Rayford Whittingham Logan (January 7, 1897 – November 4, 1982) was an African-American historian and Pan-African activist. He was best known for his study of post-Reconstruction America, a period he termed "the nadir of American race relations". In the late 1940s he was the chief advisor to the National Association for the Advancement of Colored People (NAACP) on international affairs. He was professor emeritus of history at Howard University.
2 Legacy and honors
3 Selected bibliography
Rayford Logan was born and raised in Washington, DC. He won a scholarship to Williams College, graduating in 1917. During the First World War he joined the U.S. Army, and served as a first lieutenant in the all-black 93rd infantry Division, which undertook operations with French troops. Once the war ended, Logan remained in France, absorbing both the culture and the language. He helped to co-ordinate the 2nd Pan-African Congress in Paris in 1921. He returned to the US in the early 1920s and began teaching at Virginia Union University, a historically black college in Richmond.
During the United States' occupation of Haiti, he made a fact finding mission to Haiti to investigate educational efforts and published his findings in The Journal of Negro History in October 1930. The main findings indicated there was little improvement in education due to the choice of southern white Marines as country administrators – men who had been raised with Jim Crow Laws in the American South and had brought their prejudice with them to their new assignment in Haiti, a majority-black republic. The main improvement effort resulted in establishing agricultural schools, which were highly expensive and staffed by non-French speakers, so classes had to be translated. The funding provided to these schools dwarfed the amount given to the majority of academic schools.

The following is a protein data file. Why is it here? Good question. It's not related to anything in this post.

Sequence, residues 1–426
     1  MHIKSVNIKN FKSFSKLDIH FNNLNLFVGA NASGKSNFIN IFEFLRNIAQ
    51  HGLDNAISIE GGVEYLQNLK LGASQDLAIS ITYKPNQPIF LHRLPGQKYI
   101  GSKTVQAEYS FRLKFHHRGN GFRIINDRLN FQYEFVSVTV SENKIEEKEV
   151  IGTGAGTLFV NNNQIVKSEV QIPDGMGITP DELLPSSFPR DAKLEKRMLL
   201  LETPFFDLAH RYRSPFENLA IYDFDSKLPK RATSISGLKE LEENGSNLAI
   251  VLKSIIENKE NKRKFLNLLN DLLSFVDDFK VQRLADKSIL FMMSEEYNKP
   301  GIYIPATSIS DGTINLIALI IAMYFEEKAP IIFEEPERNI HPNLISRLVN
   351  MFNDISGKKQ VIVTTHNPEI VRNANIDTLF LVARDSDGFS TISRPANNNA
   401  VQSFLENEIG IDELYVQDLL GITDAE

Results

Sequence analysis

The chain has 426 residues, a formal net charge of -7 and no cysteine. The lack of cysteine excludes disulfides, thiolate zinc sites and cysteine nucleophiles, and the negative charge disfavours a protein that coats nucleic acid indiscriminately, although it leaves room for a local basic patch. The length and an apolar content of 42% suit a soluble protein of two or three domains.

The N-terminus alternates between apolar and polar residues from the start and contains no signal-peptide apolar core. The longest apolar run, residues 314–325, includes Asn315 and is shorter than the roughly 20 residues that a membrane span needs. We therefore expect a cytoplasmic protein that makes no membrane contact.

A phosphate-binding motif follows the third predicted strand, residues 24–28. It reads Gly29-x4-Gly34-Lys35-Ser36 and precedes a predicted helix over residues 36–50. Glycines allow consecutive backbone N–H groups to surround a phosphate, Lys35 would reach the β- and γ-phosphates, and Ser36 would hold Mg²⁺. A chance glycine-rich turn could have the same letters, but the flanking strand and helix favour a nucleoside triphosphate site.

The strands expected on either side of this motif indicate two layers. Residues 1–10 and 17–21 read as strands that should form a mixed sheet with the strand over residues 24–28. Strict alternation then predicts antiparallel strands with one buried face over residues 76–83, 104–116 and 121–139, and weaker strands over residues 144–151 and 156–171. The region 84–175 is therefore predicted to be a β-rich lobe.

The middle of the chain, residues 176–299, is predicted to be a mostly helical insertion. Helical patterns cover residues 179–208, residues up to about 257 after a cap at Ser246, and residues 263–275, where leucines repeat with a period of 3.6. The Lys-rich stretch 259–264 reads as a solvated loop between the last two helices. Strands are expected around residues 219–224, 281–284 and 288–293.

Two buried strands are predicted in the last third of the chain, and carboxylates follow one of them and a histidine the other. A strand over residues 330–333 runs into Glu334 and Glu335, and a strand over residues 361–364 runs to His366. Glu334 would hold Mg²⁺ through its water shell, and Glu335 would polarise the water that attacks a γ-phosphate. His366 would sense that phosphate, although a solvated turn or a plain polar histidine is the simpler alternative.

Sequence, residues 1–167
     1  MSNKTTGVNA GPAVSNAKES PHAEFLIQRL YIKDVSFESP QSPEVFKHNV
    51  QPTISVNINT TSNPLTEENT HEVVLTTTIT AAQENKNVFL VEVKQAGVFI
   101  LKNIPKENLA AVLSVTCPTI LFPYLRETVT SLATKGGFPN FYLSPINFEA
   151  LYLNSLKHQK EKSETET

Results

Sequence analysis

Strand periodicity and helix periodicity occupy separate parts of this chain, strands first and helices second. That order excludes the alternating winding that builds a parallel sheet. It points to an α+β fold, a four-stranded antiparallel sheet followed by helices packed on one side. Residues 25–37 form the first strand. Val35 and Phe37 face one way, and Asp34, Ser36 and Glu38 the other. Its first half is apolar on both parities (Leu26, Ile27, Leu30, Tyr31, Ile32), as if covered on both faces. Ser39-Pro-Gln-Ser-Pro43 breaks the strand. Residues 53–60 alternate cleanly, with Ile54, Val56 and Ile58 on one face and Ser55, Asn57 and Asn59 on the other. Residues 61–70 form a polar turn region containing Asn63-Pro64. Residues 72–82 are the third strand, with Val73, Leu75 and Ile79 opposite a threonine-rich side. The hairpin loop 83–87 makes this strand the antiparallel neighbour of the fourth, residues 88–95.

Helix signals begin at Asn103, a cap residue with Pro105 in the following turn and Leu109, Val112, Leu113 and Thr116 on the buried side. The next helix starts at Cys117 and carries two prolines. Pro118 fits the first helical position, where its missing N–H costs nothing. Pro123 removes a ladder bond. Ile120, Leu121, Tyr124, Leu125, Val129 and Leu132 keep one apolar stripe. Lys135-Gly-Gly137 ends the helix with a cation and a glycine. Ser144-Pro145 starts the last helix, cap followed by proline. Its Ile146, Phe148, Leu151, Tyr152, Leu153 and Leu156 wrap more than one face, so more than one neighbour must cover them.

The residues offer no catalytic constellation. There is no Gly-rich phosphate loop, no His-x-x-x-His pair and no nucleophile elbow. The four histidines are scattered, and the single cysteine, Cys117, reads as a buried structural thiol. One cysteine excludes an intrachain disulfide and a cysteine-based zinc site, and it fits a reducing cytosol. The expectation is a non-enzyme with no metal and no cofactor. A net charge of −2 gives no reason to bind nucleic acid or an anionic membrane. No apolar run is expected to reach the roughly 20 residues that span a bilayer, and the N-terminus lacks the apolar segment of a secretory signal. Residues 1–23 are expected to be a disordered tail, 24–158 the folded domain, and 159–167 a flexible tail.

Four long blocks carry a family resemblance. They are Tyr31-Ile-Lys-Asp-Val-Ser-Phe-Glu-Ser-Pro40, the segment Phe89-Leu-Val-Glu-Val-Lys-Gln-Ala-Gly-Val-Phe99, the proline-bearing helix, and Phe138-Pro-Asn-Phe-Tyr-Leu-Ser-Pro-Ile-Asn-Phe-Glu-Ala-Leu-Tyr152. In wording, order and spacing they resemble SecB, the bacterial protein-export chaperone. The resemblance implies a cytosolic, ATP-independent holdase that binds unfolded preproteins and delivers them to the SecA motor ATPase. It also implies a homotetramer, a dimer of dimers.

In 1930 Logan started graduate studies at Harvard University, earning an MA in 1932 and a Ph.D. in 1936. Logan became a professor at Howard University, where he practiced as a historian from 1938 to 1965.
In 1932, President Franklin D. Roosevelt appointed Logan to his Black Cabinet. Logan drafted Roosevelt's executive order prohibiting the exclusion of blacks from the military in World War II.
In 1950–51, Logan became Director of the Association for the Study of African American Life and History (ASALH).
Logan was the 15th General President of Alpha Phi Alpha, the first intercollegiate Greek-letter fraternity established for African Americans.
Logan died of a heart ailment at Howard University Hospital, aged 85.
Legacy and honors
In 1980, he was awarded the Spingarn Medal from the NAACP.
His longtime residence in the Brookland section of Washington, DC, is a designated site of the city's African-American Heritage Trail.